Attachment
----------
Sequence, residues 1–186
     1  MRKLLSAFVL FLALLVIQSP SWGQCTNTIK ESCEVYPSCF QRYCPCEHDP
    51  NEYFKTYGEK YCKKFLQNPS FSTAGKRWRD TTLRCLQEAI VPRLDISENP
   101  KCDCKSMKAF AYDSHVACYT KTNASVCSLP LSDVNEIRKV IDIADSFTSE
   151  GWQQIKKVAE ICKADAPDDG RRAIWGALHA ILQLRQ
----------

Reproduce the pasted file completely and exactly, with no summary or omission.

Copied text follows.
Sequence, residues 1–186
     1  MRKLLSAFVL FLALLVIQSP SWGQCTNTIK ESCEVYPSCF QRYCPCEHDP
    51  NEYFKTYGEK YCKKFLQNPS FSTAGKRWRD TTLRCLQEAI VPRLDISENP
   101  KCDCKSMKAF AYDSHVACYT KTNASVCSLP LSDVNEIRKV IDIADSFTSE
   151  GWQQIKKVAE ICKADAPDDG RRAIWGALHA ILQLRQ